A part of me wishes there were more space to revel in such moments but I have begun to acquiesce to the reality that time does not slow down regardless of how much I desire it to and each year will speed by more quickly than the last.  There is poetry in acquiescence…but I will refrain from subjecting you to it here. Instead I’ll say, happy December, happy year’s end, and happiness overall to all. Exciting developments are in the works for HRV Media in 2014 so keep an eye here as we continue to explore, learn, and play.

Cheers in the meantime and check back next Wednesday for 14 wine resolutions for 2014 from the Halter Ranch staff, all wrapped up for you on December 25. ‘ )

 

Holidays - Halter Ranch Vineyard

Original Corktraits by Robin Mika McGee


Holiday Preparations

20131203_123412

 

In the wake of ‘giving festivities we now embark on preparations for the rest of the holiday season.  Lights are being strung, the scent of pine sap hangs in the air, and the world seems aglow with warmth from ovens and fireplaces alike as Winter finally arrives at the ranch.  (more…)


Thanks and Giving

IMG_4964

 

In honor of this deeply foodie giving thanks type  week, we present a post that has been in the works for some time.  To assist in carrying us through the calm before Friday’s storm, the tasting room will be cooking up a spicy (and slightly sheepish) pleasure for lunch.  It has come to our collective attention over the past few months that a majority of our retail staff have a weakness for dishes doused in Buffalo Sauce.

With this knowledge teeming beneath surface consciousness, we have decided to cook up some Buffalo Burgers for our staff lunch today.  We’ll keep you posted as we sip our wines, and let you know which among them pairs most delectably with this only slightly guilty pre-giving pleasure.

After careful tasting and analysis the Tasting Room crew has concluded that Côtes de Paso Blanc is the best pairing for a Buffalo Style Burger with Stilton, Grilled Onions, and Kettle Chips on the side.  The relatively low alcohol and medium body of the CDPB interact well with the smoke and spiciness of the burger while allowing the tropical notes from our flagship white to truly shine.

 

IMG_4967

(more…)


Tasting through Tuscany, Bandol, Côte-Rôtie, and Paso Robles

Tasting - Halter Ranch Vineyard

A line up of 1.5 Liter friends

 

This past week we had the opportunity to take a tasting journey through 6 delicious and distinct wines from around the world.  The first third of the tasting included 2 wines from France.  A 2010 Domaine Tempier from Bandol and a 2005 Levet “Chavaroche” Cote Rotie.  The middle third was a comparison between our 2011 Côtes de Paso and Denner’s 2011 Ditch Digger.  The final third included a 2004 Justin Isosceles and a 2010 Fontodi Flaccianello Sangiovese.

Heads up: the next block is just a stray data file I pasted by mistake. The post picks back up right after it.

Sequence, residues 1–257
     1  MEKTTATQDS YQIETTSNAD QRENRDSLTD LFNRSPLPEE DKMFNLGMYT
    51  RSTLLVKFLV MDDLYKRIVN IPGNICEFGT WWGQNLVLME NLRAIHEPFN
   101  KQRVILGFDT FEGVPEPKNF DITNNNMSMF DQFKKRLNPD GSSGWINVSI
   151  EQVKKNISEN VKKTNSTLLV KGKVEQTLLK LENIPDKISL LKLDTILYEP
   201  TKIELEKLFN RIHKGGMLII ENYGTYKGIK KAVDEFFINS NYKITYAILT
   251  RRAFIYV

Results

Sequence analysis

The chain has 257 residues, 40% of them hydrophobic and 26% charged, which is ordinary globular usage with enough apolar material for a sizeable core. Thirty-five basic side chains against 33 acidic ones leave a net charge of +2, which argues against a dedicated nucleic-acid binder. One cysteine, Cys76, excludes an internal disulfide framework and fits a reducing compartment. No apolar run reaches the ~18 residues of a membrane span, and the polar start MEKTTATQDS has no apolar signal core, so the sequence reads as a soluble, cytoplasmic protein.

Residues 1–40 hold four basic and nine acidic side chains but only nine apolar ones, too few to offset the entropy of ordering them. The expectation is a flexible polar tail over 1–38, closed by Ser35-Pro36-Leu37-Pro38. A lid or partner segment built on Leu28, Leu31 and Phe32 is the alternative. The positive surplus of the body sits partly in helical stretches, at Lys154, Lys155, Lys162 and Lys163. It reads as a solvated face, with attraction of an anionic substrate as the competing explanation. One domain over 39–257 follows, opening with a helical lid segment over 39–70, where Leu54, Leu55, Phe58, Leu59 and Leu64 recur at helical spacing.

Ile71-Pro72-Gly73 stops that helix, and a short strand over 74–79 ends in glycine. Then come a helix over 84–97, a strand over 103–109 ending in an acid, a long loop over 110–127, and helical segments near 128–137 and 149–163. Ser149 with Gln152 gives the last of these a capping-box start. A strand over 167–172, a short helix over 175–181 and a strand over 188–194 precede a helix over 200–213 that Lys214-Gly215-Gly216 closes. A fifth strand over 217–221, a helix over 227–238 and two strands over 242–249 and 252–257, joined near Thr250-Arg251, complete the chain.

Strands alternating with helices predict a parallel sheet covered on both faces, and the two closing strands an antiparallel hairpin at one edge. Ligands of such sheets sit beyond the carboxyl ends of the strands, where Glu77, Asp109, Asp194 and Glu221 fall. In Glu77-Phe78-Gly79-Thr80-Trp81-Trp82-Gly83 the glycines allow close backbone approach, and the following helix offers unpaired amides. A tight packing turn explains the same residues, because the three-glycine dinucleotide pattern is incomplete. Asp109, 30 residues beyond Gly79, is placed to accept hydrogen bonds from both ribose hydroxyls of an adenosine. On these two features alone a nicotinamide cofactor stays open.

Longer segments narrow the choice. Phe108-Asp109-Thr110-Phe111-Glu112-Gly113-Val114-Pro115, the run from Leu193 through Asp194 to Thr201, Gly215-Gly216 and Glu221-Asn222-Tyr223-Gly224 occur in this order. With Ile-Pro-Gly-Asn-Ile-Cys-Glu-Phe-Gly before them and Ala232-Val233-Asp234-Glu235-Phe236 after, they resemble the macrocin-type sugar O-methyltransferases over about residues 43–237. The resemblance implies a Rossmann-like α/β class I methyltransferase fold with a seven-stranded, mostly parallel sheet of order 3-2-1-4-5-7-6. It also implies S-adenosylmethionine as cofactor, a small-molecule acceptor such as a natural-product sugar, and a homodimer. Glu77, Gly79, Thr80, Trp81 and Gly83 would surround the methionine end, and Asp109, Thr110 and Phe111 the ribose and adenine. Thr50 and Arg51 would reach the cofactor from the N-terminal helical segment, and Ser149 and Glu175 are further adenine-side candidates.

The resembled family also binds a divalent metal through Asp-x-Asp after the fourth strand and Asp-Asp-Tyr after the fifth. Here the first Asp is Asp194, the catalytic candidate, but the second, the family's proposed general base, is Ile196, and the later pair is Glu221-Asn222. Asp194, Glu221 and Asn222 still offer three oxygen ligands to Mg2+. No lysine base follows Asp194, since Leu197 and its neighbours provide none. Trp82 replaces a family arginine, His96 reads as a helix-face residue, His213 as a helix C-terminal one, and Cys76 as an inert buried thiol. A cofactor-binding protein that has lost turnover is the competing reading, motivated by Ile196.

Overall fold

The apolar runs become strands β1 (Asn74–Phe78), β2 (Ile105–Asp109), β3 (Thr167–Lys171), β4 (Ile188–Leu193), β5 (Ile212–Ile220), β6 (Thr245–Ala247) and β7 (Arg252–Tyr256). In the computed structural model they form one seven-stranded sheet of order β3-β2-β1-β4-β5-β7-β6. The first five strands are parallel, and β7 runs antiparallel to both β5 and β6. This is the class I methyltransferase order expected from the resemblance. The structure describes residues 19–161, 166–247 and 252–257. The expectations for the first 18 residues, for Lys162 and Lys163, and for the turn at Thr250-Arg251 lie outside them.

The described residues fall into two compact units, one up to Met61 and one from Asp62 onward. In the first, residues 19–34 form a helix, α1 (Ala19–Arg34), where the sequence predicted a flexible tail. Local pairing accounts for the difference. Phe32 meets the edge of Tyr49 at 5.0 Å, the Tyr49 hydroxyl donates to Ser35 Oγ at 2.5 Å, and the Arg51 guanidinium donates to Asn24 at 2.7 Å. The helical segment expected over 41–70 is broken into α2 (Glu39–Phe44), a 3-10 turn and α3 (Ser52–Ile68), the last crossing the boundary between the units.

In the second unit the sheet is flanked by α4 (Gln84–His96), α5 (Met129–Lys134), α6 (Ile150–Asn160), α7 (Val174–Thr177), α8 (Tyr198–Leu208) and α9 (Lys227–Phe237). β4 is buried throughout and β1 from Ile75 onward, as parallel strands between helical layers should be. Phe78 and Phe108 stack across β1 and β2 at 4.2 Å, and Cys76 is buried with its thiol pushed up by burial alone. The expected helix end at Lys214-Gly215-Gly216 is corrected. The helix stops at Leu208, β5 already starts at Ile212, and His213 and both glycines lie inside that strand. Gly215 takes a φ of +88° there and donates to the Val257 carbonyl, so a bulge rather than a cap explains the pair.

The Tempier, a Mourvedre based blend that exhibited a hint of Brettanomyaces on the nose and palate, offered lush spicy fruit just beneath the surface and these latter qualities became more apparent as the wine opened up.  The Côte-Rôtie is Syrah based and was distinctly spicy and earthy out of the bottle.  Some brambly red fruit began to arrive as more air arrived to open things up.  Tasting our Côtes side by side with Denner’s Ditch Digger was very interesting given the similarities between the two blends.  Both are composed predominantly of Grenache, Syrah, and Mourvedre, but the Côtes has a little Tannat in it and the Ditch Digger contains some Counoise and Cinsault.  Both blends were notably fruit forward but the Côtes seemed to lean more toward spicy red fruit while the Digger tended more toward the dark plummy end of the spectrum.  Judging from our own wines, the 2004 vintage was very warm and the ripeness of the 2004 Isosceles seemed to support this.  The wine was distinctly dark and viscous when compared with its compatriots up to this point.  Our final taste was the 2010 Sangiovese which was probably the staff favorite among the  larger format bottles at first taste (the Halter Ranch and Denner tastes were from more standard 750 ml sized bottles).  It was relatively fruit oriented compared to the Bandol and Côte-Rôtie while displaying enough acid and tannin to pair well with food and potentially cellar for 5-10 years more.

Expect similar posts as our staff tasting journeys continue.  As always, thanks for reading and cheers!

 

Tasting Room Glasses

The Tasting Room Team


Teaming Up for 2013 Staff Wines

Halter Ranch Vineyard

Kim, Katie, Molly, Sarah

Making Wine With the HRV Staff

 

Those who have been watching the blog over the past 8 months may remember the exciting developments in our staff winemaking project.  What follows is an update on each team and their wines. (more…)

0 items - $0.00
View Cart ›
Checkout ›
Cart message goes here...